Amazingly enough, there are still a few remote areas in the world where primitive tribes live without any contact with civilization. What is odd, I think, is that this is widely considered a good thing. There was a news story today about the aerial spotting of such a group in Brazil, near the border with Peru:
One of Brazil’s last uncontacted Indian tribes has been spotted in the far western Amazon jungle near the Peruvian border, the National Indian Foundation said Thursday. The Indians were sighted in an Ethno-Environmental Protected Area along the Envira River in flights over remote Acre state, said the government foundation, known as Funai.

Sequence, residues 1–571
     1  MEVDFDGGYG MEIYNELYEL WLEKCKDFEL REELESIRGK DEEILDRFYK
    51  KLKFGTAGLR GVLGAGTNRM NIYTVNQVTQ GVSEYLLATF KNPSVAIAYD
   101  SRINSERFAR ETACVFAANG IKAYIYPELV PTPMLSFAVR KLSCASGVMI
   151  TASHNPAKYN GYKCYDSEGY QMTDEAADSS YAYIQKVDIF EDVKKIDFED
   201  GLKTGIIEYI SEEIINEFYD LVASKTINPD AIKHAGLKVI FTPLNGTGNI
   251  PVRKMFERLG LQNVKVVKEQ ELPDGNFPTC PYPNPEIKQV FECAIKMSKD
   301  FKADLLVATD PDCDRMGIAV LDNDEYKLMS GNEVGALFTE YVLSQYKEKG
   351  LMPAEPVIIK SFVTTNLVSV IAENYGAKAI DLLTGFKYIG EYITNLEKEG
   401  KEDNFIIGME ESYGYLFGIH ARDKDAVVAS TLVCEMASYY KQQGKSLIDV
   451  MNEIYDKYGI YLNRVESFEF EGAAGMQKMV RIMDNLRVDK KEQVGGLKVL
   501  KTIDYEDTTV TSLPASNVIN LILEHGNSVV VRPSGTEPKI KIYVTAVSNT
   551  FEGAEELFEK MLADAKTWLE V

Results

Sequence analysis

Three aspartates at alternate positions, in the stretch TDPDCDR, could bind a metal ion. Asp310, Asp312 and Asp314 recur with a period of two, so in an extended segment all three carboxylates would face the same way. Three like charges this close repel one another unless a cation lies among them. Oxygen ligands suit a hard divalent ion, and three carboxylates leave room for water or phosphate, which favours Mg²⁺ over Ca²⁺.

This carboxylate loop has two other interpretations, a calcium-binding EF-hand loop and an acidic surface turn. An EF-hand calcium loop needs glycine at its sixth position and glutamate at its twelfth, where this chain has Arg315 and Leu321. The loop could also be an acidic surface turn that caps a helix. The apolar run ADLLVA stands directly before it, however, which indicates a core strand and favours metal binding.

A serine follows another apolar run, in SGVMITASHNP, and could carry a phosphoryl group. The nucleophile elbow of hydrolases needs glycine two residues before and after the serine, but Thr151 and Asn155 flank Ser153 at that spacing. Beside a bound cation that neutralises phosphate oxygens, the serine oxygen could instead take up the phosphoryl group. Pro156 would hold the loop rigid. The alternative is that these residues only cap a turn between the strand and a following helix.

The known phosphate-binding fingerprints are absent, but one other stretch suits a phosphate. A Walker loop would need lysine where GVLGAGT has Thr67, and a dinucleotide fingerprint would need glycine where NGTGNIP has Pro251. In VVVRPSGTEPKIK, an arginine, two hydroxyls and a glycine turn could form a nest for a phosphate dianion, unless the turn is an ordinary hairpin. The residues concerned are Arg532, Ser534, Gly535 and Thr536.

Funai said it photographed “strong and healthy” warriors, six huts and a large planted area. But it was not known to which tribe they belonged, the group said.
This beautiful photo apparently is of the group in question:
It’s interesting, isn’t it, that the governments and NGOs who explore these remote territories and photograph these reclusive people instinctively assume that contact with us would be bad? They evidently believe that these ragtag bands of primitive people would take a turn for the worse if they knew about our culture; our philosophies; our religions; our way of life. At one time, this assumption would have been considered very strange.
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